Chad asked for the other day in his comment to my post about teaching kids judo was some description of our favorite judo games to play with kids. Following are my top ten favorites (and my kids’ favorites too.) These games teach physical skills used in judo and are used as prelude to judo training in younger children and as warm-ups for older children.
- Tug o’ war – two players face each other across a goal line. The players are given a judo belt (or two, one to hold in each hand) and they try to pull the other guy off his base or across the line or make him lose his grip on the belt(s)
- Kneeling knockdown – my name for newaza randori. Starting on knees, the object is to push/pull (not hit) the opponent to the ground onto his back and press him long enough to say some moral statement, like “Honor means always keeping your promises.” This gets them used to grappling and pinning for several seconds.
- Toe-stomp randori – the object is not really to stomp toes but to step on the tops of their feet without getting your feet stepped on. This one is hard to contest because it moves so fast that an outside judge is hard pressed to call it.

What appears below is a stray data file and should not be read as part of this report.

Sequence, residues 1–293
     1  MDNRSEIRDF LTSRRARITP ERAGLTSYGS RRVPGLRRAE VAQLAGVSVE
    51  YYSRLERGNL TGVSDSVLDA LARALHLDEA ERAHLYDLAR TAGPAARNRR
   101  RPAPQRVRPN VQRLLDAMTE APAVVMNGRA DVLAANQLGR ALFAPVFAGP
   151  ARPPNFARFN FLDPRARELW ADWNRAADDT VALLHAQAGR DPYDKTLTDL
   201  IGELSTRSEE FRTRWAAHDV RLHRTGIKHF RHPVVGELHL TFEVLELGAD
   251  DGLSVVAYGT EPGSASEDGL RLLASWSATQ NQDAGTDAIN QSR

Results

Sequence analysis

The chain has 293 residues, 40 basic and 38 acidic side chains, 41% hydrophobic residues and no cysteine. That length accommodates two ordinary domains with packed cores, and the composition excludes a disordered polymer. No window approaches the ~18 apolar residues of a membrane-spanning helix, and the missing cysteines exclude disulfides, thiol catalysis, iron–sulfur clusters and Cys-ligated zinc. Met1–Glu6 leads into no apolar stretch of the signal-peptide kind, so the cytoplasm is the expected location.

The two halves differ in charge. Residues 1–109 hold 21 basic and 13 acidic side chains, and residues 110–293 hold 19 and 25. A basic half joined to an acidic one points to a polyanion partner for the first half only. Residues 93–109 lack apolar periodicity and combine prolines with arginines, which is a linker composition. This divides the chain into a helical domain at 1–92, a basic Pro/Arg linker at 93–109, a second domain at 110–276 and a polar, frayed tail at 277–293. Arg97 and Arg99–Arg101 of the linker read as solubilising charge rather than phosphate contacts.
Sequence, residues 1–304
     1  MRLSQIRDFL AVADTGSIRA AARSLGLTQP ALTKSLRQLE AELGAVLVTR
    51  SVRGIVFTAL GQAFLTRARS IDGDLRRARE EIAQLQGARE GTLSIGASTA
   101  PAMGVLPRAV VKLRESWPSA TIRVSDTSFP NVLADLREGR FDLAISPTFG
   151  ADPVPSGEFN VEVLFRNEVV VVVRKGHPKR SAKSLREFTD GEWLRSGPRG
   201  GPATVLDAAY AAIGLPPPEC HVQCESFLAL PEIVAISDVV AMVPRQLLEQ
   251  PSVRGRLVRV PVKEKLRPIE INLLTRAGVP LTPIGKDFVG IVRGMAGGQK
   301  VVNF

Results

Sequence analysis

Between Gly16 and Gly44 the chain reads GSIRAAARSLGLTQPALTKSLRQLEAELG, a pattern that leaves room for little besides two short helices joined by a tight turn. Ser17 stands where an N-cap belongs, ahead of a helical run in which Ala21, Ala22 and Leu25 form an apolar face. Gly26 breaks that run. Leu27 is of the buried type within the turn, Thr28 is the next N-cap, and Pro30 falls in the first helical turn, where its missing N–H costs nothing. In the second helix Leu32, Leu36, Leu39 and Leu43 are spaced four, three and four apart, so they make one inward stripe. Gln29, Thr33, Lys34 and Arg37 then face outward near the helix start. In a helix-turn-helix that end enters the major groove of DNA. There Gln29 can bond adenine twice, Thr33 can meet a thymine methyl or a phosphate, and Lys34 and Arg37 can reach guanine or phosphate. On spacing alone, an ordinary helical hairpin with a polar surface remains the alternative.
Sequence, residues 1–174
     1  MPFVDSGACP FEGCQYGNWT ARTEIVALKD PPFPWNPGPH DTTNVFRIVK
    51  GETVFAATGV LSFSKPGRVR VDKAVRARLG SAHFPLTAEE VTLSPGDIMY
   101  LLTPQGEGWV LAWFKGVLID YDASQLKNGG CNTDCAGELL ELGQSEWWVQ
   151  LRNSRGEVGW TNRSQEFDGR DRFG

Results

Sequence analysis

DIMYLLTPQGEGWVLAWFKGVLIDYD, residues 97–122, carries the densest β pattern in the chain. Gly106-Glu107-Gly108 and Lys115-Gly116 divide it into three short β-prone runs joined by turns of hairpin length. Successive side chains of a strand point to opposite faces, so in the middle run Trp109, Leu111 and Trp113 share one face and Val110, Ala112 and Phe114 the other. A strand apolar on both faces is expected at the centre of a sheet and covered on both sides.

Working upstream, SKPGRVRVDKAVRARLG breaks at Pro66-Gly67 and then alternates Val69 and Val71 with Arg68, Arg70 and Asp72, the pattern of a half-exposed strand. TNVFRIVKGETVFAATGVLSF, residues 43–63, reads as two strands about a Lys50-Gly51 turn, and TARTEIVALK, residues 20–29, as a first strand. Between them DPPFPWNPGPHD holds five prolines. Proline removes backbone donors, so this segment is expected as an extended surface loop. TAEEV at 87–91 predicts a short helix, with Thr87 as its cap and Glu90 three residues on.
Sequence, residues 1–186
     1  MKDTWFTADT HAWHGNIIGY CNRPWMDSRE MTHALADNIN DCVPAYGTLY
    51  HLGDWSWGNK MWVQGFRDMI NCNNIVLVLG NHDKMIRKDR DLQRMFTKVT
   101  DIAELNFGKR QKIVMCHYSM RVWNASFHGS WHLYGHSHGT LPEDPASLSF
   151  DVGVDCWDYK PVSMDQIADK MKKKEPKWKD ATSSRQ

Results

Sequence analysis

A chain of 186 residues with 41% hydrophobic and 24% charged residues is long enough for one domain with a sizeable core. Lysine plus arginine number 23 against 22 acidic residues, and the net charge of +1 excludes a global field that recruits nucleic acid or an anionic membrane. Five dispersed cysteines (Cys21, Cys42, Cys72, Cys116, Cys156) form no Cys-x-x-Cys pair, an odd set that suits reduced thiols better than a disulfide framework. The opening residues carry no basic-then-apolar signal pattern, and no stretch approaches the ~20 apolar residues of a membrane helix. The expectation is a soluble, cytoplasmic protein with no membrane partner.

- Seated push/pull – two partners seated back-to-back or feet-to-feet. The object is to push/pull the opponent across their goal line.
- Rooster tail randori – like flag football. Two opponents have spare belts tucked into their belts in the back. The goal is to pull the opponent’s tailfeathers without getting yours pulled out.
- Repetitions (e.g. cross-face turnover) down the mat – The best way I’ve found to get them to do repetitions of anything is to have them roll their partners down the mat using the specific technique I call for.
- Side roll - Get a partner in guard and roll laterally down the mat – similar to bridge&roll from tateshiho and leg sweep from the guard, two partners just roll over each other down the mat.
- Sled drag - Partner lies between your feet and holds your belt and you drag them like a sled. This is a good warmup.
- Monkey toes (pick up tape balls with toes) – get two opponents and throw an odd number of 1-inch round balls of duct tape between them and have them pick the balls up with their toes. This gets them used to the idea of using their feet like hands.
- Crawling man – everyone’s favorite game by far, is crawling man. One partner starts on hands and knees and the other starts standing behind with both hands on the kneeling man’s back. On “go” the crawling man crawls toward the other baseline and the standing man strives to turn them and pin them on their back. This is their favorite form of randori and it provides a great basis to hook techniques and other groundwork skills onto. This game forms the basis of all our newaza practice with kids.
A little more on this topic - Excellent video series - HIGHLY RECOMMENDED!
photo courtesy of Carlaarena